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Do u sell an instrument that will convert millivolts to ppm?

microsiemens micromhos ppm TDS Myron L DS Meter

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#1 dhourigan

dhourigan

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Posted 30 September 2012 - 12:15 AM

A friend of mine asked me that question yesterday. I assumed he meant conductivity in microsiemens (μS). Here is what I told him:

 

It doesn't exist.
 
Each ion has a specific conductance. If you use a salt like Sodium Carbonate, you get one correlation between microsiemens (μS) and ppm, If you use Sodium Sulfate you get another, Likewise with Potassium Carbonate, Potassium Sulfate, Sodium Chloride, Potassium Chloride, you also get a different correlation.
 
I know Myron L sells a meter that expresses microsiemens (μS) as ppm. I believe that those are their DS Models. But that is not what it is really reading. They are reading conductivity and expressing it has a mathematical equivalent to a known salt or combination of salts that may or may not match your water. Here is what they say about their standard solutions:
 
Myron L STANDARD SOLUTIONS:

Your DS Meter has been factory calibrated with the appropriate NIST traceable Standard Solution. All Myron L conductivity Standard Solution bottle labels show three values: ppm 442™, ppm sodium chloride, and conductivity in micromhos (metric equivalent is microsiemens).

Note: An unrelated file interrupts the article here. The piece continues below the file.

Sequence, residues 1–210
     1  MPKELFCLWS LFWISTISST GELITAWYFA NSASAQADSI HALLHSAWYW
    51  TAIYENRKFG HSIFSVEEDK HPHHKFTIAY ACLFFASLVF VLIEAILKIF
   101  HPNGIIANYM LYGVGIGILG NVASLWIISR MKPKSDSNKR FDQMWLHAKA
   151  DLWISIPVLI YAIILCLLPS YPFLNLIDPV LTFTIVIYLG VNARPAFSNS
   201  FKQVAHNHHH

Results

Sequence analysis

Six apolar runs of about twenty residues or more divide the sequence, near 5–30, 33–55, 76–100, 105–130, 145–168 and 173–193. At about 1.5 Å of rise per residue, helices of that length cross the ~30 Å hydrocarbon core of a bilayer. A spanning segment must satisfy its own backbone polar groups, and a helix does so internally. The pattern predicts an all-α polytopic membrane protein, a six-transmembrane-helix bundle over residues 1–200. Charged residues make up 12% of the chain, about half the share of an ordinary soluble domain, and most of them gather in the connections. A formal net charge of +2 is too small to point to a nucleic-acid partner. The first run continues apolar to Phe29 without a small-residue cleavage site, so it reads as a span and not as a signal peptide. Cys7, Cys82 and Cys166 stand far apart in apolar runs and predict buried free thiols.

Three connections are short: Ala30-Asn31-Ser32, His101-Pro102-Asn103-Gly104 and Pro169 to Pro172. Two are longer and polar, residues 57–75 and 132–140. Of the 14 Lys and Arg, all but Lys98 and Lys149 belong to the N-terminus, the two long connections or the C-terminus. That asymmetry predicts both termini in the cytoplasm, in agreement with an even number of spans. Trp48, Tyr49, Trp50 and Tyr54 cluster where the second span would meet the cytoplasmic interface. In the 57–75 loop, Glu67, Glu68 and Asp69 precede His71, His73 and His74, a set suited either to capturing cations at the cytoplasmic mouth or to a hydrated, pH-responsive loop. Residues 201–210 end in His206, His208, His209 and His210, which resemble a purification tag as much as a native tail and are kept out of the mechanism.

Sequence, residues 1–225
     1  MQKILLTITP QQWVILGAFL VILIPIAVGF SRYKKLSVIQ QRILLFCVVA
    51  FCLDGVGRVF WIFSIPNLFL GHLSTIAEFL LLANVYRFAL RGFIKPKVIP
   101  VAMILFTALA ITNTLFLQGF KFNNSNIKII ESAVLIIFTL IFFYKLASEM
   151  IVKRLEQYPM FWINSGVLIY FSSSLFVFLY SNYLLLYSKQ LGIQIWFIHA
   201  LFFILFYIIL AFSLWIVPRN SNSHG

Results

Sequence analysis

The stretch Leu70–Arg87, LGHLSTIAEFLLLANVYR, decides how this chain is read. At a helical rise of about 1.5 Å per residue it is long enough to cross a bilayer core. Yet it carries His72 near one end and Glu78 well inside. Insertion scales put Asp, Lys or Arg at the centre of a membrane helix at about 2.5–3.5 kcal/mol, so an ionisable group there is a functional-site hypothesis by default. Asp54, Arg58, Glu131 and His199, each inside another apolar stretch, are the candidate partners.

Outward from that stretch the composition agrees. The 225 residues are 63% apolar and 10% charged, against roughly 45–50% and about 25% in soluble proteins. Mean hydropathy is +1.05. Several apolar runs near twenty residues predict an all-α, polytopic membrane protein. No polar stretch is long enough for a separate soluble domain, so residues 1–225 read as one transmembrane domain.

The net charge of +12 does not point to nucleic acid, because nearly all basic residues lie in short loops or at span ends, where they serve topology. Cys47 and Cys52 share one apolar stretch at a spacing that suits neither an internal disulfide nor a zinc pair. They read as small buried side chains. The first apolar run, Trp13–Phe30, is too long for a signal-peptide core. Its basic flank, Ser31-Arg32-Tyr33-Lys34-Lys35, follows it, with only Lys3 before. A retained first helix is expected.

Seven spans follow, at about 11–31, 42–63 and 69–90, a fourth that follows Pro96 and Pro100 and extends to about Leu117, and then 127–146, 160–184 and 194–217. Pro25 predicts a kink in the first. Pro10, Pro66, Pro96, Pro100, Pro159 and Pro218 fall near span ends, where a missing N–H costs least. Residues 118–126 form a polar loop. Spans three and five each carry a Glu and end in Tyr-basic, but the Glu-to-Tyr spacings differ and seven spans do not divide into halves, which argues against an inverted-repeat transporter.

442: Unless otherwise specified, the calibration used for all DS Meters is the “442” standard. The 442 Standard Solutions™ consist of the following salt ratios: 40% sodium sulfate, 40% sodium bicarbonate, and 20% sodium chloride. This salt ratio has conductivity characteristics closely matching natural waters and was developed by the Myron L Company over three decades ago.

Sodium Chloride: For every ppm 442 Standard Solution, there is a ppm sodium chloride (NaCl) solution which will have the same conductivity. The parts per million of the equivalent NaCl solution is on each Standard Solution label. Instruments calibrated to NaCl standards are set using equivalent NaCl values.

Conductivity: All Myron L Company Standard Solutions are traceable to the National Institute of Standards and Technology and are within 1.00% of Potassium Chloride reference solutions. The concentrations of the reference solutions are calculated from data in the International Critical Tables, Vol. 6.
 
If you really want ppm, you have to do it gravimentrically, ie. weigh the sample, evaporate to dryness, reweigh the residue, and calculate the ppm.




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